ETFs Skip The Facebook Froth
May 30, 2012
Investors in broad index ETFs have a few things to crow about.
Facebook’s flubbed launched has become a lightning rod for all that’s wrong with U.S. equity markets.
But let’s not forget that the simple and sane rules that govern most broad U.S. indexes—and therefore the ETFs that track them—protected many investors from the hoopla surrounding Facebook’s botched initial public offering.
While some niche ETFs do have Facebook exposure, as my colleague Alex Ulam noted recently, none of the big and broad index-based ETFs holds Facebook yet.
That’s because broad indexes like the S&P 500 and the Russell 1000 require a seasoning period for new issues prior to admission to the index.
Even the Nasdaq-100, tracked by PowerShares QQQ Trust (NasdaqGM: QQQ), which shortened the waiting period in advance of the Facebook IPO, has more than three months to go before the stock is eligible, as my colleague Carolyn Hill said last month.
Facebook provides a case in point as to why this evaluation period for new issues makes sense.
We’ve all witnessed some unsavory aspects of investment banks’ behind-the-scenes sausage-making on this particular IPO: selective disclosure of research, and propping up the stock with one hand while lending shares for shorting with the other. The fact that both of these practices are legal provides less comfort, not more.
Beyond this, the rationale for a cooling-off period for less splashy IPOs than Facebook’s makes sense too—namely that a new issue needs some time to establish liquidity and bear the public scrutiny from analysts and the market as a whole.
After all, price is a huge component of cap-weighted indexes, so getting the price-setting benefit of all market participants over a reasonable length of time makes sense before the ETF takes a position.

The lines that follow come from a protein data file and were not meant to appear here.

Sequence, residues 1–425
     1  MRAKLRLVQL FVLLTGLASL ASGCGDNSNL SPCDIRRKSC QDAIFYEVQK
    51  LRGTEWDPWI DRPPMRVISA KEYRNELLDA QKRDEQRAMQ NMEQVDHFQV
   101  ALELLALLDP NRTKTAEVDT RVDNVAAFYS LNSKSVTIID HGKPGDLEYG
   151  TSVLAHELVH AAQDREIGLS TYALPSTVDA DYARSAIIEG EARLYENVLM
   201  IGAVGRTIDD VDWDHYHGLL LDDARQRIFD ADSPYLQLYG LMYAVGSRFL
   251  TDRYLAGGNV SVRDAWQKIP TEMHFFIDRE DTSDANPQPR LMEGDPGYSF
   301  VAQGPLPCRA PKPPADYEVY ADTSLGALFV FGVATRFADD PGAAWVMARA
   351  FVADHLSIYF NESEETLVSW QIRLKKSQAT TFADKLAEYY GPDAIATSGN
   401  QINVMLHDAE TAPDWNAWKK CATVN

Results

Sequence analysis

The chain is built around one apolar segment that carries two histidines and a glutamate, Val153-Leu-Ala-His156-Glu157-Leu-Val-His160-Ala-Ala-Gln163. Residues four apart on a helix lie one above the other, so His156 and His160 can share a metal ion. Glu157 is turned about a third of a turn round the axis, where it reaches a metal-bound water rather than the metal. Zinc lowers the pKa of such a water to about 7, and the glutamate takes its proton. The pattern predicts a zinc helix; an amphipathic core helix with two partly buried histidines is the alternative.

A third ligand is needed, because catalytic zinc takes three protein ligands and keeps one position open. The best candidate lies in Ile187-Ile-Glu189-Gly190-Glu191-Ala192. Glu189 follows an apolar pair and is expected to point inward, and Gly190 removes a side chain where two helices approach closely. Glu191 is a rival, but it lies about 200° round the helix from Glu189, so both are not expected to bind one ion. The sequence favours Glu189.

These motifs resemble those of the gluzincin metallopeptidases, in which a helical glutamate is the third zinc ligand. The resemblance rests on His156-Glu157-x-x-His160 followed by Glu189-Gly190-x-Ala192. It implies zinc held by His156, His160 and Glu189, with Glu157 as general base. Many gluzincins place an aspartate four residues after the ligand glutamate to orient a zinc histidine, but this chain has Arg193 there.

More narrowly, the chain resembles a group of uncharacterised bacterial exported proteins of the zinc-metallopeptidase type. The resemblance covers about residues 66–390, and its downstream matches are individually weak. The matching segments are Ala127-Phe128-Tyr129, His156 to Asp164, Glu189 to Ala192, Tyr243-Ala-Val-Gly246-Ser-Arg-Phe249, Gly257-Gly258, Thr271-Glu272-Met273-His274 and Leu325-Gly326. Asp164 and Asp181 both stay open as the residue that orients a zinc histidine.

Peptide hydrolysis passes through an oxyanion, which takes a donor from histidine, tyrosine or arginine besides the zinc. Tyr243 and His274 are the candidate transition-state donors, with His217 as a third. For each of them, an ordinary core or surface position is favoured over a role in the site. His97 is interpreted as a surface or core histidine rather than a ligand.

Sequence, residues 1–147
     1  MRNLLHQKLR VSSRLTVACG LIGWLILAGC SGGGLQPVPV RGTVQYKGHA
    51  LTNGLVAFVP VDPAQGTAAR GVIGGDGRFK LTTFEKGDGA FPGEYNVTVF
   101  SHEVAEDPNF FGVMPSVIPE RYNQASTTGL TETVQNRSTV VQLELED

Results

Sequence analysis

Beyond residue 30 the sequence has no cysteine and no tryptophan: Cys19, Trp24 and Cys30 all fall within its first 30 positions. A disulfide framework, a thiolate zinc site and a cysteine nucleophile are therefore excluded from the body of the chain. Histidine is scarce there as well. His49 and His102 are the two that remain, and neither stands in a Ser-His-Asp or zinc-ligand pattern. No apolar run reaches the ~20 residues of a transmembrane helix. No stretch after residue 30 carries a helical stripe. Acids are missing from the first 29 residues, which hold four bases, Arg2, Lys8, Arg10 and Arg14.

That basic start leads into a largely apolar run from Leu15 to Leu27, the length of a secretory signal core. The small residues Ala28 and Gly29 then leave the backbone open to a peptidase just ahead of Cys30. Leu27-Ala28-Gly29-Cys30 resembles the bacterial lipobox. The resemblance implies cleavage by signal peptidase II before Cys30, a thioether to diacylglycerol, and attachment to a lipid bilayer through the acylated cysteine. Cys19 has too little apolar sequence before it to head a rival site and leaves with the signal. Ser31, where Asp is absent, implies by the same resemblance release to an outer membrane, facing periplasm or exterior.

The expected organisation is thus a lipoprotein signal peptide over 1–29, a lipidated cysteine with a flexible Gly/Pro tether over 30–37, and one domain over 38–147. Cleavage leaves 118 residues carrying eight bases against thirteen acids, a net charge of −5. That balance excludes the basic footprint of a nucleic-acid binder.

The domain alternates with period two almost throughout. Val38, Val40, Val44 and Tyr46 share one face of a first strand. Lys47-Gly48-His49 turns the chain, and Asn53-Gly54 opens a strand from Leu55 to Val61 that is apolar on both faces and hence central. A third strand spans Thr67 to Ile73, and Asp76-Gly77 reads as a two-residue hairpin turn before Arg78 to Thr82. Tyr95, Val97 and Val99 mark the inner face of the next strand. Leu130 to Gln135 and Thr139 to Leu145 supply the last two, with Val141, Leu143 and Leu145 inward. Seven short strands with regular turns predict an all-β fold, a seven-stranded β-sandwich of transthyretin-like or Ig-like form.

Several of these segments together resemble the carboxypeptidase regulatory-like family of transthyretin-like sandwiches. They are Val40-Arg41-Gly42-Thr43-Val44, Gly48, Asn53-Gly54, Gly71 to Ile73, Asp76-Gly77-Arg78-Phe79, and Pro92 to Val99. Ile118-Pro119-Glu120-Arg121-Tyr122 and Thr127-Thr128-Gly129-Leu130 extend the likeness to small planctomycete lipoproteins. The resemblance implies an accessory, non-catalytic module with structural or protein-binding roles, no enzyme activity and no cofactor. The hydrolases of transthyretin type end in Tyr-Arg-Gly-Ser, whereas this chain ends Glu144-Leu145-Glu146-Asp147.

This holds true in spades for a big IPO like Facebook, where a fund will eventually take a huge position in the stock all at once.
The key point for index investors is that when Facebook finds its way into the broad indexes, it will be priced downstream from all this initial turbulence.
Equally important, Facebook’s place within broad indexes will likely be substantial but not dominant due to the diversified nature of broad indexes.
Facebook also highlights another advantage of index investing using ETFs: transparency.
Almost all passive ETF issuers publish daily holdings, so investors can see what’s in the portfolio. Even investors in passive index mutual fund investors lack this advantage.
In an active mutual fund, the presence or absence of Facebook in the list of holdings could just be window dressing rather than truly reflecting the portfolio’s position throughout the quarter.
But active ETFs, on the other hand, are required to reveal positions daily.
I have no idea what the right price for Facebook is, and based on the stock’s volatility over the first week of trading, it seems I’m not alone in wondering what the company is worth.
The point is that boring-old index-tracking ETFs protected investors from the worst of this froth.
In this sense, the father of index investing, Jack Bogle, and rap legend Flavor Flav share a common credo: Don’t believe the hype.